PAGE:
Writing Essay Test Items
The essay test is probably the most popular of teacher-made tests. In general, a classroom essay test consists of a small number of questions to which the student is expected to demonstrate in his/her response his/her ability to (a) recall factual, conceptual, or procedural knowledge, (b) organize this knowledge, and (c) interpret the information critically in a logical, integrated answer to the question. An essay test item can be classified as either an extended-response or a short-answer. The latter calls for a more restricted or limited answer in terms of form or scope. An example of each type of essay item follows.
- Extended-Response: Explain the difference between the S-R (Stimulus-Response) and the S-O-R (Stimulus-Organism-Response) theories of personality. Include in your answer (a) brief descriptions of both theories, (b) supporters of both theories and (c) research methods used to study each of the two theories. (10 pts. 20 minutes)
- Short-Answer: Identify research methods used to study the S-R (Stimulus-Response) and S-O-R (Stimulus-Organism-Response) theories of personality. (5 pts. 10 minutes)
Advantages & limitations
Essay items have several advantages. They:
- are easier and less time consuming to construct than are most other item types.
- provide a means for testing student's ability to compose an answer and present it in a logical manner.
- can efficiently measure higher order cognitive objectives (e.g., analysis, synthesis, evaluation).
Essay items also have several limitations. They:
- cannot measure a large amount of content or large number of learning objectives.
- generally provide low test reliability and low grader reliability.
- require an extensive amount of instructor's time to read and grade.
- generally do not provide an objective measure of student achievement or ability (subject to bias on the part of the grader).
Suggestions for writing essay test items
- Prepare essay items that elicit the type of behavior you want to measure.
Learning Objective: The student will be able to explain how the normal curve serves as a statistical model.
Undesirable: Describe a normal curve in terms of: symmetry, modality, kurtosis and skewness.
Desirable: Briefly explain how the normal curve serves as a statistical model for estimation and hypothesis testing.
- Phrase each item so that the student's task is clearly indicated.
Undesirable: Discuss the economic factors which led to the stock market crash of 1929.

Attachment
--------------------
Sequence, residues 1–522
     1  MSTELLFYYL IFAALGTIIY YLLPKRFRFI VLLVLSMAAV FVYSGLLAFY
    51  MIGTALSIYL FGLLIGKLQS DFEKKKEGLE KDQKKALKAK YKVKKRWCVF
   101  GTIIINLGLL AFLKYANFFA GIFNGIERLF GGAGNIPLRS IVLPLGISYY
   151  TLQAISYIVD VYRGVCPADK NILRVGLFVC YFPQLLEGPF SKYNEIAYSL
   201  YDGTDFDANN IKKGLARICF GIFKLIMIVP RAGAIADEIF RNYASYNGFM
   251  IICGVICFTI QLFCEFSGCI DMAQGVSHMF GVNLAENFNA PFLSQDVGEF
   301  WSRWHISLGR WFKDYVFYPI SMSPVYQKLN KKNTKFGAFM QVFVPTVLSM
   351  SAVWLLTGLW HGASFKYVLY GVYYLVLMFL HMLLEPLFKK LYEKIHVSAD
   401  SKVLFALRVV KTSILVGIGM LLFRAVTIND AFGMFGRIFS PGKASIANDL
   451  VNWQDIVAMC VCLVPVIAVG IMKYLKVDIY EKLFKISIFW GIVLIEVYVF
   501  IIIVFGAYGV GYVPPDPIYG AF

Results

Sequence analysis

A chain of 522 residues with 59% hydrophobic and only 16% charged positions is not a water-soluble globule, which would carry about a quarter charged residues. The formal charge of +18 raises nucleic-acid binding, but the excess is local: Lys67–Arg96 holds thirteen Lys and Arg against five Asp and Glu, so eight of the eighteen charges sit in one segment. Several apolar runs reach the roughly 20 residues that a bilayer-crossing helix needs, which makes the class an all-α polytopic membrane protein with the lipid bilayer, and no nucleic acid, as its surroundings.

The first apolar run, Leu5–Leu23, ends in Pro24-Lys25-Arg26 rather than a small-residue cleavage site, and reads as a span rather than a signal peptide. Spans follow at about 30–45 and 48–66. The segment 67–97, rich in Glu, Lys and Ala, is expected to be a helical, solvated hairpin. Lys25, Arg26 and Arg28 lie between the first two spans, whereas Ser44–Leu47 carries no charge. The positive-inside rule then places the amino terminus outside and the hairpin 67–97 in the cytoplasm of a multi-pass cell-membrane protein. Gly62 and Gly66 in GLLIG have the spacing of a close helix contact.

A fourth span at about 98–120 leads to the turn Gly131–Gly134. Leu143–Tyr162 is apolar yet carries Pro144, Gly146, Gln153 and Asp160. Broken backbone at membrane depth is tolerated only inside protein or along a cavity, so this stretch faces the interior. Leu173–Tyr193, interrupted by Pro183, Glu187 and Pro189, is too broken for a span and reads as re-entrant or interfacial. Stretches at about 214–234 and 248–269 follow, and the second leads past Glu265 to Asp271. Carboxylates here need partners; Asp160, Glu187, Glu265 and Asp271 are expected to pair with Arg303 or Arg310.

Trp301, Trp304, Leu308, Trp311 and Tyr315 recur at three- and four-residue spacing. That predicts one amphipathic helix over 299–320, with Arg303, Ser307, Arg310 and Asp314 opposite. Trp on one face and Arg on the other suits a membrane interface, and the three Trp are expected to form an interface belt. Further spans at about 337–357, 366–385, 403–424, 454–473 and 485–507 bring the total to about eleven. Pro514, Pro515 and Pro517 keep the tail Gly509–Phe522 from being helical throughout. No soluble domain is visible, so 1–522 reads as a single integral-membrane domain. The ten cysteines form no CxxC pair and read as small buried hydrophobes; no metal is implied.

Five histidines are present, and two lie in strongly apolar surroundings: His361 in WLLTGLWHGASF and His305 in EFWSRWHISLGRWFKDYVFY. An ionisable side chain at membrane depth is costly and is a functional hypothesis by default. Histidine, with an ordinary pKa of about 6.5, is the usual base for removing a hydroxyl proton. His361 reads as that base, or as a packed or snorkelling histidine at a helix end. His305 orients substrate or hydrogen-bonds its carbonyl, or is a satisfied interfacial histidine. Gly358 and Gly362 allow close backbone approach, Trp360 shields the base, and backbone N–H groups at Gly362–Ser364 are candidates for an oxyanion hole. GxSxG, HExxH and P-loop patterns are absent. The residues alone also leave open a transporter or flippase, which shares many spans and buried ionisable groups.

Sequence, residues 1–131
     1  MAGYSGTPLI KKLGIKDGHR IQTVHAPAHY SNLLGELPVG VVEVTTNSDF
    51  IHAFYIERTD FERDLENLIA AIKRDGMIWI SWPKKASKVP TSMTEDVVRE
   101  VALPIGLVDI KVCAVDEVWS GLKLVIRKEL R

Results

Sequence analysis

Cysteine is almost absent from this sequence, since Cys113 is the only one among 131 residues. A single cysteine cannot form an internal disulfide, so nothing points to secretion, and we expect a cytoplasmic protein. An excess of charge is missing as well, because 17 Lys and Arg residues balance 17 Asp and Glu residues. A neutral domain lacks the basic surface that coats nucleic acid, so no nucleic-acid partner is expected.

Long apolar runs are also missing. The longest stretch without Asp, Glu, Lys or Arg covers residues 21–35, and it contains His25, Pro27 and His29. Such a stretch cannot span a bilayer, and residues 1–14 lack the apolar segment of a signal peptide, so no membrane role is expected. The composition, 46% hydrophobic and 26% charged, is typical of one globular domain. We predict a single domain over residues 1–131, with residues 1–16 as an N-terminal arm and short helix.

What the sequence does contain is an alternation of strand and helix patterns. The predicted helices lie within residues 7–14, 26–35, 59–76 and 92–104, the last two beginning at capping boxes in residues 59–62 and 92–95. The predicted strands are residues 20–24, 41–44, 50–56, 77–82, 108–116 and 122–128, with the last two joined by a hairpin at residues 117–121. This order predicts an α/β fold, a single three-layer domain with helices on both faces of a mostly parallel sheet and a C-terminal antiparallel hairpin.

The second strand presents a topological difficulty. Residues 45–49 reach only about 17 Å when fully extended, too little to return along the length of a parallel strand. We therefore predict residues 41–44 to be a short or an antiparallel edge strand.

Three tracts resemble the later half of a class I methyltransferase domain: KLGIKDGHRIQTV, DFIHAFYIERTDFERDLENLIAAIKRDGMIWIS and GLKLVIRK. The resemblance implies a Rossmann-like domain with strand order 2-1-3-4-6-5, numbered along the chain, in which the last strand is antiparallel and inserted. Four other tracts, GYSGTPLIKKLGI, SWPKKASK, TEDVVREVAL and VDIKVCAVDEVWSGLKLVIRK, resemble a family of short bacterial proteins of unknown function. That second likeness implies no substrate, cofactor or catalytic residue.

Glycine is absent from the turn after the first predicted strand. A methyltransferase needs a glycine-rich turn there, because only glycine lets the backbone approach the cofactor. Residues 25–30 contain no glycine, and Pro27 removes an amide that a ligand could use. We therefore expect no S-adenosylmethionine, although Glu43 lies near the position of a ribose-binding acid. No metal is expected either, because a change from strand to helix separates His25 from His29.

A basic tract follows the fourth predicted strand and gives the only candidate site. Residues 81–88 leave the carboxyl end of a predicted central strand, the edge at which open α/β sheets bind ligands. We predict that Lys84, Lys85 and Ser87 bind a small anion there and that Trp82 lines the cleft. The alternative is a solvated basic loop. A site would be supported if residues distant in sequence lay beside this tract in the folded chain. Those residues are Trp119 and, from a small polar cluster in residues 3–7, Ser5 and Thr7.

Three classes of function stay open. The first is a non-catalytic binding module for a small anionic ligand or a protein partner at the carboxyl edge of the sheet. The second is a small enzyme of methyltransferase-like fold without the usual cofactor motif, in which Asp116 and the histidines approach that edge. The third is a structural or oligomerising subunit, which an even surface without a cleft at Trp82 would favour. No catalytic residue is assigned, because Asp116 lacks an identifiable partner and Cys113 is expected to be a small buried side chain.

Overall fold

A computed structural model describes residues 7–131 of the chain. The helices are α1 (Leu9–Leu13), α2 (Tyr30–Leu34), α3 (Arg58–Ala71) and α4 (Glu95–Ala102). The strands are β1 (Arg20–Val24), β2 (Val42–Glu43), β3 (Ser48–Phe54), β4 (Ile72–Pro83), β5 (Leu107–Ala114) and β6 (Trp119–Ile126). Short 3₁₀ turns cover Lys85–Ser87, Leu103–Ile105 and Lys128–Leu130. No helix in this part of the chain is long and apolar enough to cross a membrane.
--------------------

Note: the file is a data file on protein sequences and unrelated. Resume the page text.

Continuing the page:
Desirable: Identify the three major economic conditions which led to the stock market crash of 1929. Discuss briefly each condition in correct chronological sequence and in one paragraph indicate how the three factors were interrelated.
- Indicate for each item a point value or weight and an estimated time limit for answering.
Undesirable: Compare the writings of Bret Harte and Mark Twain in terms of settings, depth of characterization, and dialogue styles of their main characters.
Desirable: Compare the writings of Bret Harte and Mark Twain in terms of settings, depth of characterization, and dialogue styles of their main characters. (10 points 20 minutes)
- Ask questions that will elicit responses on which experts could agree that one answer is better than another.
- Avoid giving the student a choice among optional items, as this greatly reduces the reliability of the test.
- It is generally recommended for classroom examinations to administer several short-answer items rather than only one or two extended-response items. Doing this prevents a student's grade being based on his or her performance on only one item.
Suggestions for scoring essay items
Choose a scoring model. Two of the more common scoring models are ANALYTICAL SCORING and GLOBAL QUALITY.
Each answer is compared to an ideal answer and points are assigned for the inclusion of necessary elements. Grades are based on the number of accumulated points either absolutely (i.e., A=10 or more points, B=6-9 pts., etc.) or relatively (A=top 15% scores, B=next 30% of scores, etc.)
Each answer is read and assigned a score (e.g., grade, total points) based either on the total quality of the response or on the total quality of the response relative to other student answers.
Examples Essay Item and Grading Models
"Americans are a mixed-up people with no sense of ethical values. Everyone knows that baseball is far less necessary than food and steel, yet they pay ball players a lot more than farmers and steelworkers."
WHY? Use 3-4 sentences to indicate how an economist would explain the above situation.
Necessary Elements to be Included in Response
Salaries are based on demand relative to supply of such services.
Excellent ball players are rare.
Ball clubs have a high demand for excellent players.
Clarity of Response
Assign scores or grades on the overall quality of the written response as compared to an ideal answer. Or, compare the overall quality of a response to other student responses by sorting the papers into three stacks: Below average, average and above average
Read and sort each stack again divide into three more stacks, and then repeat. In total, nine discriminations can be used to assign test grades in this manner. The number of stacks or discriminations can vary to meet your needs.
- Try not to allow factors which are irrelevant to the learning outcomes being measured affect your grading (i.e., handwriting, spelling, neatness).
- Read and grade all class answers to one item before going on to the next item.
- Read and grade the answers without looking at the students' names to avoid possible preferential treatment.
- Occasionally shuffle papers during the reading of answers to help avoid any systematic order effects (i.e., Sally's "B" work always followed Jim's "A: work thus it looked more like "C" work).
- When possible, ask another instructor to read and grade your students' responses.